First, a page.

The last year might be one to forget in its entirety with it being a humbling and salutary 12 months for growth investors, the director of marketing and distribution at Baillie Gifford has said.
James Budden told FTAdviser growth stocks have been “ruthlessly re-rated by Mr Market”.
“Early in 2022, we saw a rare value rally as the winners of the great Covid escape were favoured with fossil fuel firms, traditional pharma and finance making a comeback,” he said.
However, then Putin invaded Ukraine, sending Europe into chaos and triggering spiralling energy costs which were then further exacerbated by supply chain issues post-Covid and the promise of monetary tightening and interest rate rises emanating from central banks.
Budden said all of this, combined with China’s “obsessive” zero Covid approach has led to an ongoing persecution of growth stocks where share prices oscillate wildly according to news flow, whether it is “important or trivial”.
“For instance, in April Netflix’s share price fell 40 per cent on one day when it announced it had lost 200,000 subscribers out of 200mn,” he said.
Company share prices have been “savagely” adjusted due to high levels of inflation, as investors are not prepared to look out beyond the near term, Budden said.
“This narrative has continued as we pass into a kind of depressing stalemate illustrated by the tragically turgid situation in the Ukraine and generally grim politics in places around the globe.”
Budden highlighted the UK as “a particularly cringing sideshow”, down to political mayhem.
“In one sense, this does not matter much to the global investor as our stock market carries relatively small weight in global indices.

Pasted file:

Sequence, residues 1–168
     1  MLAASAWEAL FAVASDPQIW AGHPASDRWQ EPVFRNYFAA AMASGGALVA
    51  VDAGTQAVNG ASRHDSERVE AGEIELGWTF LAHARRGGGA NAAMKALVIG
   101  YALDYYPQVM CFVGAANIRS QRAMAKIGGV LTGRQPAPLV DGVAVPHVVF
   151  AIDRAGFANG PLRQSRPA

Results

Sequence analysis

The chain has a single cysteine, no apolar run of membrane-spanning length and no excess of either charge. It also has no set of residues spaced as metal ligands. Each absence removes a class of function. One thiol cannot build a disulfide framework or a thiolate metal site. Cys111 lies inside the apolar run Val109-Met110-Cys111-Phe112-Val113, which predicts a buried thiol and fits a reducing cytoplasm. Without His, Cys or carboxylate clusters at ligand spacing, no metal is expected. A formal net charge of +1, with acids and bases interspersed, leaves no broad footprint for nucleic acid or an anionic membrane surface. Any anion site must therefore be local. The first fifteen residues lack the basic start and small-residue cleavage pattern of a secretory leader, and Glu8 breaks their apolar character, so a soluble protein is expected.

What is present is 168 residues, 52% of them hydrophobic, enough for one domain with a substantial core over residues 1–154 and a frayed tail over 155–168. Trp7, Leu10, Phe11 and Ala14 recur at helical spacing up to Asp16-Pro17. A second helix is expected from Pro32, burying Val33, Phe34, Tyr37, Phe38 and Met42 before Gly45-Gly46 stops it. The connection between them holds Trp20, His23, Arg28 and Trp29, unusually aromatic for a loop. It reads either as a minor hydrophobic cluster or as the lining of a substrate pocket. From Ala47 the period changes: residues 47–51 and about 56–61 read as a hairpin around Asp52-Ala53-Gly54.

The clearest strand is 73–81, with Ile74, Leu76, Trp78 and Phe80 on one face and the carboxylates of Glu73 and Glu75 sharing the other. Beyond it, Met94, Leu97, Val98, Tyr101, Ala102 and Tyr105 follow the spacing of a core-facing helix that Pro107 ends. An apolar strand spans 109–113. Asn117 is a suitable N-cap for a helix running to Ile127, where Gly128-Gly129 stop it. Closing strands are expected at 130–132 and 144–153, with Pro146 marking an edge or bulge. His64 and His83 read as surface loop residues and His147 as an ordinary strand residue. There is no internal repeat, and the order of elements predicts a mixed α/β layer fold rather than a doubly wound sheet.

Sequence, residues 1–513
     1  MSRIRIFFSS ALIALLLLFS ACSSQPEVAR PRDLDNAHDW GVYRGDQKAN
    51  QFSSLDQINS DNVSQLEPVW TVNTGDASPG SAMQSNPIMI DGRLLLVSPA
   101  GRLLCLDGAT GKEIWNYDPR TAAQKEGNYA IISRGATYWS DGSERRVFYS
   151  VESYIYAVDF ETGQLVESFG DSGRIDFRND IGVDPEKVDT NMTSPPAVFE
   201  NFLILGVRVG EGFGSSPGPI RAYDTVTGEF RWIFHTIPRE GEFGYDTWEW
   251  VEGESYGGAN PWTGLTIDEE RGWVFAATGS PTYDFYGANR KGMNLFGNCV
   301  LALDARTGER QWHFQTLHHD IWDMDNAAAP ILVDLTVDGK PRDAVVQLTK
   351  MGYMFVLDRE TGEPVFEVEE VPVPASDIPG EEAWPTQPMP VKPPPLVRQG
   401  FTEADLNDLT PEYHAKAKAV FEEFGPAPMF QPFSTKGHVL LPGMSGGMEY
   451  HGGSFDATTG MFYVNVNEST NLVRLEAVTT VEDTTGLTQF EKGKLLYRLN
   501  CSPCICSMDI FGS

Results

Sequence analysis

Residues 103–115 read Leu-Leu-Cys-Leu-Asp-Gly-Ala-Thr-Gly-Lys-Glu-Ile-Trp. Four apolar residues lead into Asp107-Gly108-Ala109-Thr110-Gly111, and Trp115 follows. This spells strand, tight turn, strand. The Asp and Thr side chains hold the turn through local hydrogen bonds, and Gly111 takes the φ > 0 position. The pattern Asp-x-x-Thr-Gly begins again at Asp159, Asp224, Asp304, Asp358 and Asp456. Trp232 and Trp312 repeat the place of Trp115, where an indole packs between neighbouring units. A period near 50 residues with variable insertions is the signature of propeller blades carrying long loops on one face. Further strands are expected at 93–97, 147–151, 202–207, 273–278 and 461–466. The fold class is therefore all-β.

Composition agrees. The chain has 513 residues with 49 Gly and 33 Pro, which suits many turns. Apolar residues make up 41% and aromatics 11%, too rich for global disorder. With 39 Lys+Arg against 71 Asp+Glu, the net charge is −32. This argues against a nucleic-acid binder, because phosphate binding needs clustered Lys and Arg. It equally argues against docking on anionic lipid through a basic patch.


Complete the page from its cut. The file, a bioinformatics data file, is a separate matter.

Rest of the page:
“However, the Truss trauma, its gilt crisis, and the subsequent embracing of recession by her successors will leave UK investors short of funds which affects us all in the fund management industry.”
“Things can only get better,” Budden said, “But when is the question?”
Beware those who think they know the answer, he cautioned, as nobody can possibly know what is going on in the heads of Vladimir Putin and Xi Jinping.
The inflation issue, and when it will begin to ease, is only marginally more easy to predict.
Pundits point to a peak in the US in the foreseeable future and a subsequent pivot on interest rates, Budden said.
“However, there seems little prospect of that sort of immediacy in Europe and the UK.”
Emerging markets appear “more exciting”, despite the uncertainty surrounding China, and the future is rosier for Asia where inflation headwinds have not been blowing as strong.
“Asian economies are not just growing in a domestic sense but also leading the world in key areas – Taiwan in chips, Indonesia in nickel, South Korea in batteries and China in solar energy.